txpeah

Ultreia!
Time of past OR future Camino
CF 2015, CF 2018, Primitivo 2019, CF 2022
I read an adage on the forum before my fist Camino in 2015 that I wish I had listen to more - start as old woman, finish as a young one.

Go extra slow in the beginning (meaning shorter distances) and as your body conditions, you will naturally pick up the pace after the first 5-6 days. Days 1-4 are hard, 3 or 4 is usually the worst then hopefully you move though. So go easy on your self. Take those rest days and perhaps consider starting in Roncesvalles.

Yes on the poles for down hill - I am a single pole fan - and I usually check a small bag with my pole and a few things that can’t make it on the plane. Like a Swiss Army knife.

That said shops in SJPP are great, there also used to be a shop in Pamplona - CaminoTeca - but I am unclear if it is still open.

I say go for it. It’s your Camino, but the biggest lessons for me were don’t pack your fears and be open - adapt as you go.

Buen Camino.
 
2023 Camino Guides
The 2023 Camino guides will be coming out little by little. Here is a collection of the ones that are out so far.

RJM

Veteran Member
Time of past OR future Camino
Camino's Frances, Fisterre, Portuges. Over 180 day
I am the least qualified to comment on this, but the Camino is much more like a long walk than a hike. How heavy are these? Have you tried lighter trail runners? My husband loved his.
I've walked the Frances from SJPdP to SDC three times in Merrell Moab Ventilator's, low style. They worked like a champ for me, and I love their stability and the shank for support. I find they're a compromise between trail runners and actual hiking boots/shoes. I've since switched to Oboz Sawtooth low's for two other Caminos and prefer their wider toe box.
Based on what I've observed on the Frances the Merrell's are very popular. You see so many pilgrims wearing them and see them on the shoe racks in the albergues and for sale in the outdoor shoppes.
 

gittiharre

Veteran Member
Time of past OR future Camino
2022 Camino Portuguese and Primitivo
I am in my late 30's and about 30kg overweight. I have managed to walk 10-12km at a fast pace (in about 2:15 hours) during our hot summer, without a backpack. But, not two days in a row.

In March 2020 I did the first stage of the French Camino from Saint-Jean-Pied-de-Port to Roncesvalles, via the Valcarlos way. It was cold and wet, but with a nice break in Valcarlos for a coffee I did manage to make it to Roncesvalles. Covid-19 forced me to hurry back to Australia after the first stage before Australia's borders were closed (locking me out), so I only did the first day. My feet were in a lot of pain on the morning after my arrival in Roncesvalles.

I want to attempt the French Camino from Saint-Jean-Pied-de-Port in May, but that leaves me only 2 months to get some training in. Am I leaving it too late to get physically ready to handle the French Camino? I will have about 40 days to get to Santiago (and hopefully Finisterre).

Also, what will the weather be like in May? I will have a woolen fleece for cold days and night times. But I would prefer to walk in shorts and a t-shirt if possible.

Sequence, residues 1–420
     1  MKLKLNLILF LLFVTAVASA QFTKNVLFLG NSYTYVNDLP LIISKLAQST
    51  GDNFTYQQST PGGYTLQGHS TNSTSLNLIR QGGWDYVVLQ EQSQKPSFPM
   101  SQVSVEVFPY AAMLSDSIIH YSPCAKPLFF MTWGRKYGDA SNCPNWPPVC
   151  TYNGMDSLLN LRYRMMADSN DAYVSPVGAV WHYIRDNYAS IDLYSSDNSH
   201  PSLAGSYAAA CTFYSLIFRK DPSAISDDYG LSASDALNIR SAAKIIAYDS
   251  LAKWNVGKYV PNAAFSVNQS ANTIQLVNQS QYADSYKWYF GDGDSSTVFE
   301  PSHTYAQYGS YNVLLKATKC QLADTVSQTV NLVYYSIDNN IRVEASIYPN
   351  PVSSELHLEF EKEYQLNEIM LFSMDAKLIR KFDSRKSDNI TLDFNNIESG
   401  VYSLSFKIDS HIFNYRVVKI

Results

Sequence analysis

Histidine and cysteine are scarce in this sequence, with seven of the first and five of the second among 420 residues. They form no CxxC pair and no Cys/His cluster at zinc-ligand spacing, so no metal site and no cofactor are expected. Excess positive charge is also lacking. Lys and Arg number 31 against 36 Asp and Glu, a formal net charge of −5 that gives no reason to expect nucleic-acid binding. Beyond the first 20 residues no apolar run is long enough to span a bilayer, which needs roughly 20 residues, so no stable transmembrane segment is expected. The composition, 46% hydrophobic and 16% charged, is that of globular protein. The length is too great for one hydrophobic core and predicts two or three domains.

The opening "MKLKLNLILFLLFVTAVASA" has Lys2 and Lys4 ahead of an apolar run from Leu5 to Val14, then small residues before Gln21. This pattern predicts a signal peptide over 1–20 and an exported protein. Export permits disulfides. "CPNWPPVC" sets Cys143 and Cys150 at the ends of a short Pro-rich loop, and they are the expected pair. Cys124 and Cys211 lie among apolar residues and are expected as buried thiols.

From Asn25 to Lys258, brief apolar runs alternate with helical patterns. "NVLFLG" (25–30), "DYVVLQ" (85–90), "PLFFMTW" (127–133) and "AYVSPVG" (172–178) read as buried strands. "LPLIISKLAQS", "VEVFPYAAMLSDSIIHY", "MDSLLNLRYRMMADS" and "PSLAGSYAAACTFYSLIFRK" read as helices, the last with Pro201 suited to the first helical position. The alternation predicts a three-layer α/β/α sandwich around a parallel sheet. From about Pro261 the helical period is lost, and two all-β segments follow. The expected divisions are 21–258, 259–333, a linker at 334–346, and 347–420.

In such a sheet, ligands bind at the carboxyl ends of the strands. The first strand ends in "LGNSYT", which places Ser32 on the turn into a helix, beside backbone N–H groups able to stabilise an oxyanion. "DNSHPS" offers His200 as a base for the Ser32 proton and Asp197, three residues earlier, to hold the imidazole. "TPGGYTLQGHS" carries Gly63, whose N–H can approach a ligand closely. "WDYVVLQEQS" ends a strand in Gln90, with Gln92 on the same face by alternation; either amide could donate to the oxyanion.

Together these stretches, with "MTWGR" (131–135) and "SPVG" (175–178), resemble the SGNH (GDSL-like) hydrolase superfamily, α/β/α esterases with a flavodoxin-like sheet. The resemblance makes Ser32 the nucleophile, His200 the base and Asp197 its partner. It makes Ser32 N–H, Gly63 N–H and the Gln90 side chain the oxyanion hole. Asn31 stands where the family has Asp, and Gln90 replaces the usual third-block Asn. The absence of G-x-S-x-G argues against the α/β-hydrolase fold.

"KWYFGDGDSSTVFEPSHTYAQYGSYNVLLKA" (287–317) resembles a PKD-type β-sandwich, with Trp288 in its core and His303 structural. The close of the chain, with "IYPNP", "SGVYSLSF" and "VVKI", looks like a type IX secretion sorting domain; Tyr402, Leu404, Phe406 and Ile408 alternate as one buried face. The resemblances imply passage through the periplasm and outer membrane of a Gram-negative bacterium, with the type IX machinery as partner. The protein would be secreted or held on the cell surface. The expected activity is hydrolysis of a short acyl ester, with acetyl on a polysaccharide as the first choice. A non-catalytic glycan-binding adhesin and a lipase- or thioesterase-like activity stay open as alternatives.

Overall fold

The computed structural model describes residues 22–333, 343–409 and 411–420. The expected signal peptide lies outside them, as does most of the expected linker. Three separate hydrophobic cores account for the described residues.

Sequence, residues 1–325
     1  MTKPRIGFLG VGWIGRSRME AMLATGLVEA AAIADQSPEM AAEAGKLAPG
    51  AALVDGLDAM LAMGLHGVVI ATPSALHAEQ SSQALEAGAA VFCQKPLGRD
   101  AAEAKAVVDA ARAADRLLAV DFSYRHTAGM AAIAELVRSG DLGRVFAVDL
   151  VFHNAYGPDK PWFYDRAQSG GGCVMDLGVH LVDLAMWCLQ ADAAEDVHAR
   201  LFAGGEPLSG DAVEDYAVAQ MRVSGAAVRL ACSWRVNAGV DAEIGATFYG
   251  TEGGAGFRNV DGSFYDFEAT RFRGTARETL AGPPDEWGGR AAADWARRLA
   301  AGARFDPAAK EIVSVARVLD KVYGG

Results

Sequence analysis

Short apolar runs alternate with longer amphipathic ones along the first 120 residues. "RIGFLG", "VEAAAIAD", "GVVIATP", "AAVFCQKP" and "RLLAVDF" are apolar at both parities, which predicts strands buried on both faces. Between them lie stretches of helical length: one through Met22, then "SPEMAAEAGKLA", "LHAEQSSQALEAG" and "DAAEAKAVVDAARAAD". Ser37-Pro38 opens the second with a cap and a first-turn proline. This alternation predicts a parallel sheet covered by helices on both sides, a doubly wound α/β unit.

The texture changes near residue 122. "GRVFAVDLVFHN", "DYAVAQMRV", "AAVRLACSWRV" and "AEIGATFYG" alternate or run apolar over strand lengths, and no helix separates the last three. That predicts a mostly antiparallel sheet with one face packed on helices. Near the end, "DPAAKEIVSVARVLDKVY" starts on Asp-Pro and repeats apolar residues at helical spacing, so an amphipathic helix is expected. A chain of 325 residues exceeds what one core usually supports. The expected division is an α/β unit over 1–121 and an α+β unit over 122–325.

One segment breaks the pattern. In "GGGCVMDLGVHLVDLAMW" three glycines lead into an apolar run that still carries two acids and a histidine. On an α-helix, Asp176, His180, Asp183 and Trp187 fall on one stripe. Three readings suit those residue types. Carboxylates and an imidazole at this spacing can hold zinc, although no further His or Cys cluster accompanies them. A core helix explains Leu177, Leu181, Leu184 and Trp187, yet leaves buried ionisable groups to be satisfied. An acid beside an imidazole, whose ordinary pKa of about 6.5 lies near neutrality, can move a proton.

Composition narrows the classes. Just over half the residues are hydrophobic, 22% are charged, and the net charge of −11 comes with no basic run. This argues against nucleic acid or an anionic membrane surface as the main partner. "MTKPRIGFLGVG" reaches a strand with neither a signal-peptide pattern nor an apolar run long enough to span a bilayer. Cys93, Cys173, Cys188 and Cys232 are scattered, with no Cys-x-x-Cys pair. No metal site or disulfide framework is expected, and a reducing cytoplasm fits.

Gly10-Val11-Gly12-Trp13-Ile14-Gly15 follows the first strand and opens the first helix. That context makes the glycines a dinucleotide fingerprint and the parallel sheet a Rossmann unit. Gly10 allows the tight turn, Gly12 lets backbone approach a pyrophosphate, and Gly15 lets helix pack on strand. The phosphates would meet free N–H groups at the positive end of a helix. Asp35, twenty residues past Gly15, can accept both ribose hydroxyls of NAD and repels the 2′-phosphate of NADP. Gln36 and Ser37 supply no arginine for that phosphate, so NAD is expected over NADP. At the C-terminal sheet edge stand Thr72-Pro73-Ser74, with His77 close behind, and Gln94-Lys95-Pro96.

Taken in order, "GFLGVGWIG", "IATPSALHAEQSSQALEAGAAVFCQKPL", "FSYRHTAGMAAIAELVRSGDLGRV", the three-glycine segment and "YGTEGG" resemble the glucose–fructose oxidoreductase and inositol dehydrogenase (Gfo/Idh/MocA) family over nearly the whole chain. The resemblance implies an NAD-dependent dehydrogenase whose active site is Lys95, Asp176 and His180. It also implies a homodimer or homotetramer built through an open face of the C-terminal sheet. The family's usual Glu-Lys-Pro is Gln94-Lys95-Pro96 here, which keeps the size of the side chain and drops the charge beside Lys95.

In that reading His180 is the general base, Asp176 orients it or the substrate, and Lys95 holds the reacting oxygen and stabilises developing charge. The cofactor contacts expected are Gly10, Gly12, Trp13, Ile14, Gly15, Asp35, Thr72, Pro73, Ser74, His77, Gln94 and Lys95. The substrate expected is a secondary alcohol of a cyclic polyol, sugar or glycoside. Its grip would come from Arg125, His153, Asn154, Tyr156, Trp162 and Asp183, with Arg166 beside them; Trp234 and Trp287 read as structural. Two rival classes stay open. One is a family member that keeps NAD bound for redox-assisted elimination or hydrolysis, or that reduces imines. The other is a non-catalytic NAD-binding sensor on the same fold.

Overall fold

Weather varies from year to year.
Walked my first Camino in 2006 from Roncesvalles, starting 8th May. Shorts all the way, in spite of the odd am frost.
Windstopper fleece was brilliant. Hardly any drops of rain.
A year or two later pilgrims trudged through snow and mud for weeks on the same dates.
 

jeanineonthecamino

Veteran Member
Time of past OR future Camino
Frances 2021, Norte/Primitivo 2022, VF 2023
Whether or not you are fit, whether or not you are "thin", and whether or not you physically trained for the Camino - none of that truly matters as long as you walk your own comfortable pace and distances and listen to your body along the way. If you are unsure whether or not you can cross the Pyrenees in one day, you may wish to book Orisson or Borda to break the day in two. After that - there are plenty of places to stop along the way. You walked 20km and feel great and want to walk further? Go for it. You have walked only 12km and are exhausted and your whole body already aches? You can stop at the first albergue you come across. When I did my Camino last summer, I had lost a ton of weight, but my heart was still weak. I stopped at Orisson and am glad I did. Getting to Roncesvalles was tough, but I made it. After that? I had very little problems walking the same stages as everyone else. Some days I even walked further. By the end? My body and my heart were much stronger. What IS important? Wearing the right shoe/sock combination for your feet. That is the MOST important factor in a successful trek like the one we are taking across Spain. And then listening to your body is next. It will tell you when it needs to rest. If you listen, you will be fine!
 

Yoyo

Ambulo, ergo sum. 🥾
Time of past OR future Camino
2023, hopefully.
In March 2020 I did the first stage of the French Camino from Saint-Jean-Pied-de-Port to Roncesvalles, via the Valcarlos way.
...
My feet were in a lot of pain on the morning after my arrival in Roncesvalles.